Every morning, I sit with a cup of chai by the window in my living room and the first few things I notice are the trees, the sky beyond their canopies and the dappled sunlight. But somewhere, the eye catches a blur of movement and the ears follow the sweetness of sound, to arrive at the daily sightings of resident birds in the neighbourhood.
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Crows rule this domain in the Mumbai suburb of Khar, a low-lying marshland that was once used for fishing and salt production. Their murderous caws ebb and flow through the day, keeping other birds away from accessing the offerings of the earth. Then there is a family of pigeons nested in the balcony above. A friend once aptly described pigeons as “rodents of the sky”.
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Adjoining the palm grove is a pickleball court that is painted bright blue. It sits in a depression, surrounded by trees and must give the impression of a waterbody from the air, which is probably why the white-breasted kingfisher is a regular visitor. I’m usually greeted by a flash of blue, white and orange amidst the lower branches of the badam (country almond) tree as the kingfisher conducts its sly surveillance of the area. In the monsoon, it’s virtually a lake, then the kingfisher dominates.
The apex predator of this urban wood, however, is the black kite. It sits on the terraces of the apartment buildings and swoops down on unsuspecting creatures. When the kite descends to drink water, other birds disappear.
Bulbuls produce the sweetest birdsong. The white-throated fantails arrive in spring and depart in the monsoon. Invariably, I spot them briskly fanning their tails, as they hop from one branch to another, in a choreographed dance of sorts. Sparrows, mynahs, drongos and parakeets are occasional visitors, too. Sometimes, I am fortunate to have a rare sighting of the elusive golden oriole, whose glorious shock of bright yellow plumage never fails to bring a smile to my lips.
When I moved to Mumbai from New Delhi in the summer of 2003, I remember there being a lot of talk about the opening up of mill lands in the central districts of Worli and Parel. There were public debates on the need for open spaces in the city and that a portion of mill lands should be reserved for parks and playgrounds. Almost two decades later, most of the mills have metamorphosed into fancy office complexes, high-end malls, five-star hotels and gated communities. This culture of exclusion extends not just to the working class of humans but also to the trees, animals and birds that inhabit this shared space. A study conducted by the Bombay Natural History Society in 2020 found that 85 per cent of the bird population in the Mumbai Metropolitan Region had displayed negative effects of increasing anthropogenic habitat cover, which basically means more humans, fewer birds.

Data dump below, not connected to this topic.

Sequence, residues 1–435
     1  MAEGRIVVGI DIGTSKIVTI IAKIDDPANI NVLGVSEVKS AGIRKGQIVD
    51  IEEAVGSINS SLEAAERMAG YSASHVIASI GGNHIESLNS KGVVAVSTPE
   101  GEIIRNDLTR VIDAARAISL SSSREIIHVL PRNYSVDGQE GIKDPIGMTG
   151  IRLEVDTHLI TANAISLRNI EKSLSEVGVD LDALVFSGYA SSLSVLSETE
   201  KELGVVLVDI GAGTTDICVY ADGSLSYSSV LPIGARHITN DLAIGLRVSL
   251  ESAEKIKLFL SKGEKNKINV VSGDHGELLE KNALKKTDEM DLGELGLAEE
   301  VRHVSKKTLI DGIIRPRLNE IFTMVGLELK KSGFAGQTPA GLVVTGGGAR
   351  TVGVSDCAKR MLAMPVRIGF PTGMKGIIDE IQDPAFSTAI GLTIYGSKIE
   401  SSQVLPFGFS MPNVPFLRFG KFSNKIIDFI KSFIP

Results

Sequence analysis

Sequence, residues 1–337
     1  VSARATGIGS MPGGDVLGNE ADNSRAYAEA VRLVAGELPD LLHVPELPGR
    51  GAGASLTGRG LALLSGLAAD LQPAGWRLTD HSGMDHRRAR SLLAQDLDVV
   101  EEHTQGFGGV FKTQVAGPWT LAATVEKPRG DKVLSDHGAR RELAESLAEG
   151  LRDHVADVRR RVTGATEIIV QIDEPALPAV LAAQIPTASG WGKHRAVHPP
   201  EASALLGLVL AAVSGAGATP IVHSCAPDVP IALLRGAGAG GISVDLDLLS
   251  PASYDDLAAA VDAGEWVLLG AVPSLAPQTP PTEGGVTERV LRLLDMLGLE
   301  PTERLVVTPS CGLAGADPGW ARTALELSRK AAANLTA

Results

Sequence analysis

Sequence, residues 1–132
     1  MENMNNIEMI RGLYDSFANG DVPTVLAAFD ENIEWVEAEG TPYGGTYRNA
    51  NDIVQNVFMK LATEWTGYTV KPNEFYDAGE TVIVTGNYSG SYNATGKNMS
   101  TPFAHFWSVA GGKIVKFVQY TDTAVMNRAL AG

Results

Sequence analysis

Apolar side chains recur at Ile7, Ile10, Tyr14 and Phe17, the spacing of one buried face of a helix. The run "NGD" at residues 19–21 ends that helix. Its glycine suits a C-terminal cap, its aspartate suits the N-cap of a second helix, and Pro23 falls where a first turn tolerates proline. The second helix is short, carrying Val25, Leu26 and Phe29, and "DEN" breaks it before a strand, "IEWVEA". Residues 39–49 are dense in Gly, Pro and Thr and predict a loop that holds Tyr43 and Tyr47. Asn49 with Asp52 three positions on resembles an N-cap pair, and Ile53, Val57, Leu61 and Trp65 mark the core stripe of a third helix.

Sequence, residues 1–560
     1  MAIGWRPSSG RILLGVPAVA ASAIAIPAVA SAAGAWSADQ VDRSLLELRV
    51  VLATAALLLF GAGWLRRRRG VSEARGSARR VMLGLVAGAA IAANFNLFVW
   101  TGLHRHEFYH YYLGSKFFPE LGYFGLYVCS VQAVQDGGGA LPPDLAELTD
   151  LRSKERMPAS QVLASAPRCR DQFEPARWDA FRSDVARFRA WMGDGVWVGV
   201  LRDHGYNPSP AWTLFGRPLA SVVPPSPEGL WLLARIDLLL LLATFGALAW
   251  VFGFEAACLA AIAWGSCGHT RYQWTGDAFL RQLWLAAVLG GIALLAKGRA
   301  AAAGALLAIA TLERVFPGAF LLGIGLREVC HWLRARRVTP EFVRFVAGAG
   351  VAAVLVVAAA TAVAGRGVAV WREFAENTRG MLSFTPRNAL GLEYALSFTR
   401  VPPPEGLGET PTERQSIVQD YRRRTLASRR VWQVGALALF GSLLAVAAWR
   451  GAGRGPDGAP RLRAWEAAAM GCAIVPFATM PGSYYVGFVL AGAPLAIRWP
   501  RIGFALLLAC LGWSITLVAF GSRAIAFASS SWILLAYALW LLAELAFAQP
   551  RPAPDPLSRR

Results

A few years ago, my wife and I (and later, our newborn daughter) lived in Pune, in an apartment on Boat Club Road, a stone’s throw from the Mula Mutha river. The apartment had a large terrace that overlooked the leafy colony of Narangi Baug and stood level with its tree line. In the vicinity were banyan, imli, ashoka, gulmohar, mango and old rain trees. We maintained a sizeable terrace garden with large ixora bushes, bougainvillea creepers, palms, succulents and other flowering plants. Needless to say, the terrace attracted many birds. Let me at this point clarify that I am not a serious bird watcher or a birding enthusiast or whatchamacallit. I have no real experience in the field and I do not own a single book about birds of the Indian subcontinent or elsewhere. This has been a natural progression of my morning chai drinking ritual.
The first birds I noticed on that terrace were the purple sunbirds that came to feed on the ixora, flying around in rapid bursts of speed. They were accompanied, at times, by the spotted munias (spice finch). A large crow pheasant often flew down from the dense foliage of the imli (tamarind) tree, its deep, resonant calls comforting us on sleepy afternoons.
Late one summer evening, there was an intense thunderstorm. As an old mango tree got uprooted in the colony, I witnessed an amazing sight. A large barn owl flew out of a tree and landed atop an old chimney pipe. It turned around to face the wind and lifted one wing, opening it out fully to catch the draft, then did the same with the other wing. I thought it was just trying to air its armpits, but after many minutes of such repetition, I was convinced that the owl was simply dancing in the rain!
Before Pune became one of the fastest-growing cities in India, the green stretch running along the Mula Mutha riverbank in Kalyani Nagar was popular as the “Yerawada birding point” and boasted a wide range of species from ruddy shelducks, red-wattled lapwings and pied kingfishers to partridges and the black headed ibis. A few years ago, a builder started fencing off a section of the park, claiming ownership of the land. Soon, a modification was issued in the city’s development plan and permission was granted to construct high-rise buildings on the river bank. Then came the Metro. Though the residents of Kalyani Nagar have resisted, the construction of the Metro line has proceeded in fits and bursts. The birds still come calling, but who knows for how long!
Siddharth Singh is a writer and filmmaker based in Mumbai. He is the author of the novel Fighter Cock